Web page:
The ALS Association (ALSA) recently held its sixth annual Heroes Luncheon, honoring outstanding people with amyotrophic lateral sclerosis (ALS) whose efforts have made significant contributions to the ALS community.
The four honorees at the Feb. 5 luncheon in Atlanta, Georgia, were:
Nanci Ryder, a Hollywood publicist and co-founder of BWR Public Relations in Los Angeles and New York, was presented with her award by a friend, the Academy Award-winning actress Renée Zellweger. In 2014, at the height of the ALS Ice Bucket Challenge, Ryder was diagnosed with the disease. She gathered a large group of friends and clients, many well-known, to the challenge, and captured the attention of local and national media. She has since worked tirelessly to raise public awareness about ALS, and advance research and multidisciplinary care. With almost 250 members, “Team Nanci” raised over $265,000 for The ALS Association Golden West Chapter’s Los Angeles Walk to Defeat ALS.
Richard Isaacs has focused his attention toward supporting the ALS community and becoming a top fundraiser. Recently trained as an ALS Research Ambassador, he is spreading news of ALS research and encouraging greater public participation in ALS awareness-raising activities and initiatives.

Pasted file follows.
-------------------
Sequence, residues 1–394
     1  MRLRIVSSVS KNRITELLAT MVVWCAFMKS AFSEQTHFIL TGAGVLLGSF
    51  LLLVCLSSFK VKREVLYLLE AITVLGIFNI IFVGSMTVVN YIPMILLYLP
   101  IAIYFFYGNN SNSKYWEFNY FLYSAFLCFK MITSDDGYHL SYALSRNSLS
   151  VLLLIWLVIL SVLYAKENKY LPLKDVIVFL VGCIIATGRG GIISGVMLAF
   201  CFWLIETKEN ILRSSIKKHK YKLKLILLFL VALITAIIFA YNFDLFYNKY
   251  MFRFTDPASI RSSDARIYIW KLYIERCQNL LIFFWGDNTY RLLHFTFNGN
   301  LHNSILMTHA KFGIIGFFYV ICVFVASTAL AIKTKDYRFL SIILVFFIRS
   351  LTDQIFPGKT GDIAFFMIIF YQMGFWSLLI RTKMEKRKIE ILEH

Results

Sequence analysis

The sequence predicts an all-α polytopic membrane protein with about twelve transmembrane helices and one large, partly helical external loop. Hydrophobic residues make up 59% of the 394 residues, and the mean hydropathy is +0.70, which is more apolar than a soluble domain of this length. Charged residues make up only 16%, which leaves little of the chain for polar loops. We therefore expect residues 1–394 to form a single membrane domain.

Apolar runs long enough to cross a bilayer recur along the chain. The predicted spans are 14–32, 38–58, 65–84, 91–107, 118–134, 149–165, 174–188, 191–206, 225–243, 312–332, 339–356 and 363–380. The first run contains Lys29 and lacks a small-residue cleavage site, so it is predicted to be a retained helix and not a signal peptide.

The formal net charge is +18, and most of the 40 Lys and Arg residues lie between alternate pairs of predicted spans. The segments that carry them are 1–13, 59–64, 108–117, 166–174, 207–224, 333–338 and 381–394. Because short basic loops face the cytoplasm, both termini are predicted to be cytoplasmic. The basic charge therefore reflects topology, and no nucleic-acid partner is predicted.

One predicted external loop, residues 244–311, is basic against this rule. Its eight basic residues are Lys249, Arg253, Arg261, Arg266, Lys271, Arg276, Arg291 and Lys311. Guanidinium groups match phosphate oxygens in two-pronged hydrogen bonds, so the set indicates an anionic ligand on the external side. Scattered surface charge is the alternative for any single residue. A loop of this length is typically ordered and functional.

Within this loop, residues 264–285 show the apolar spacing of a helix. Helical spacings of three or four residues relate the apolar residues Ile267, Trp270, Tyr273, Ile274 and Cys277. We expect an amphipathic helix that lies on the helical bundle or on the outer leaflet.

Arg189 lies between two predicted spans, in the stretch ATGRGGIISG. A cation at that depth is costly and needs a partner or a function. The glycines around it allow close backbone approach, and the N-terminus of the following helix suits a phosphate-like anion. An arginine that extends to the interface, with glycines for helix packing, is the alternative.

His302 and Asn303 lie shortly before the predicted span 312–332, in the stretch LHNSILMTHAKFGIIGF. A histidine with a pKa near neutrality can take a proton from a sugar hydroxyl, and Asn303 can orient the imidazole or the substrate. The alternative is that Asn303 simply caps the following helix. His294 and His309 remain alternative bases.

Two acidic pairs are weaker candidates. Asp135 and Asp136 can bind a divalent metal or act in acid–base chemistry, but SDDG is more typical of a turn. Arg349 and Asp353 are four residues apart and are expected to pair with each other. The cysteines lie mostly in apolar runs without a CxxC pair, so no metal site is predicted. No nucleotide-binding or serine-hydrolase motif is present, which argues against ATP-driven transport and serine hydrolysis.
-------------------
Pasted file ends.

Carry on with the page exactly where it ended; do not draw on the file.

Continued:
Ted Harada was diagnosed with ALS while working in FedEx and DHL management, and soon became one of the first participants in the Neuralstem trial at Emory University. Harada has enthusiastically spoken about ALS at several U.S. conferences and joined the association’s National Board of Trustees in 2014.
Jim Barber, a successful attorney for 30 years before his ALS diagnose and a Vietnam War veteran, he pushed California lawmakers to approve two important bills that benefit the fight against ALS: The ALS Standard of Care Bill and the California Tax Check-off Bill, which gives taxpayers the option of donating all or part of their state income tax refunds to ALS research, and has raised more than $600,000 to date. Additionally, Barber’s efforts led to the establishment of the California ALS Research Network and secured a pivotal $18 million grant for ALS research from the California Institute for Regenerative Medicine.
“I am inspired by each of these individuals. Jim, Ted, Richard and Nanci have all demonstrated the strength and courage of people who are actively fighting ALS, not with just words but with action,” said Barbara Newhouse, ALS Association president and CEO, in a press release. “They have successfully taken the battle against ALS to the media, the state legislature and the entire country. The entire ALS community is grateful for their efforts to drive the search for new treatments and a cure for the disease.”
The Heroes Luncheon is the highlight of The Association’s annual Leadership Conference, where staff from the organization’s national office and its 39 chapters, together with members of its Board of Representatives and Trustees, gather to develop and fine-tune strategies aimed at advancing disease treatments and improving the quality of life for those with ALS.
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